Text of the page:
"The one situation in which oral hearings are most often thought to be desirable is where questions arise as to a witness's credibility. An oral hearing will often assist in the resolution of credibility issues by allowing the decision-maker to interact directly with the witness by asking the witness questions, considering his or her answers, and having regard to the witness's demeanour."
It was common ground that it was a condition of the valid exercise of the Board’s administrative decision-making that it comply with the rules of procedural fairness. It follows that the critical question for present determination is whether, in the totality of the circumstances of this case, a reasonable and fair repository of the Board’s power would have afforded an oral hearing to the applicant in addition to the opportunity which it did give the applicant and of which the applicant availed himself.
The course of the parole application
The Board considered the application and supporting material at its meeting on 31 August 2017 and formed the preliminary view that the application should be declined because the level of risk the applicant appeared to present to the community was “unacceptably high”.
The preliminary view letter
By letter dated 7 September 2017, the Board advised the applicant of its preliminary view that the application should be declined and that it was required to make the community’s safety its highest priority when determining parole applications. It then wrote:
The primary purpose of this letter is to acquaint you with the factors which are of concern to the Board, in order to give you an opportunity to address them before a final decision is made on your application for a parole order.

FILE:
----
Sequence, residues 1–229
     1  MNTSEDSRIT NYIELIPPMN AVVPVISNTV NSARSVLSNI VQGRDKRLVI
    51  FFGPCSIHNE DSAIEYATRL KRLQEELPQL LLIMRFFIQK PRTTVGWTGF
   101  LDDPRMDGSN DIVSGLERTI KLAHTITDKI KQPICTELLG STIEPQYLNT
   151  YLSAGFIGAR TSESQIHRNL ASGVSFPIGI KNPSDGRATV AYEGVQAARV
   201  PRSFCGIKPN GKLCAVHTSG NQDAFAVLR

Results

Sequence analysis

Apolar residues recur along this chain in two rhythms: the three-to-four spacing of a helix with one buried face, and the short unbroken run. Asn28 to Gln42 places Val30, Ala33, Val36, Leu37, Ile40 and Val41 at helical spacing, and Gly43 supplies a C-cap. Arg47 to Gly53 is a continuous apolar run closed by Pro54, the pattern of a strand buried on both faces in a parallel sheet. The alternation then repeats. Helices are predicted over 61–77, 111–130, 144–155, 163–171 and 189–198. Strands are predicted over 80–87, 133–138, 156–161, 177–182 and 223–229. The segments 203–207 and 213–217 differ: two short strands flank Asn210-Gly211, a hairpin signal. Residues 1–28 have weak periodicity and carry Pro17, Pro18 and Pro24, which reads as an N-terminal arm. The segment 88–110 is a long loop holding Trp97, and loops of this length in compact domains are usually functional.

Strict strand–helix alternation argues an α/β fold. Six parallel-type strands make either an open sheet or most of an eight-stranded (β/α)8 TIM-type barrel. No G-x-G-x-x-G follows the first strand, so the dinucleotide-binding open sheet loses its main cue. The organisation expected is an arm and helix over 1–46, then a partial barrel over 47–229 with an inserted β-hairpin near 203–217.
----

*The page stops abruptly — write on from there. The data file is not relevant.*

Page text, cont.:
The letter then identified the various positive and negative factors affecting its view. For obvious reasons I will focus on the factors which the Board identified as operating adversely to the applicant. They were as follows.
First, the applicant’s proposed accommodation upon release. In this regard:
the applicant would have to satisfy the Board that he could meet the cost of residing at the proposed address; and
in any event, the proposed accommodation was unsuitable because (1) children could visit the premises; (2) there was no curfew; and (3) the level of independence expected of residence would not provide sufficient assistance to the applicant in terms of compliance with his pharmaceutical regime.
Second, the psychiatric assessment of Dr Sundin dated 26 August 2014. In this regard, the Board noted (emphasis in the Board’s letter):
Dr Sundin’s opinion that the applicant’s risk of future sexual offending was “moderate to high”;
Dr Sundin noted that the applicant met the DSM-IV diagnostic criteria for (1) paedophilia, non-exclusive type, sexually attracted to both males and females; and (2) sexual sadism, these paraphilias occurring in the context of a man with strong avoidant personality traits.
Dr Sundin noted:
[The applicant’s] offences occurred against a background of a persistent sexual paraphilia which onset in his early to middle teenage years and which has continued to be present for many decades. Mr Pollentine has been inconsistent in his account of the persistence of these deviant sexual fantasises but in his interview with me stated that they were still present until at least halfway through his participation in the High Intensity Sexual Offenders' Programme. Given the inconsistency in the accounts he has given and the ongoing issues of positive impression management and avoidant coping style, one cannot be confident in relying on Mr Pollentine's self-report of the persistence or absence of his deviant sexual cognitions".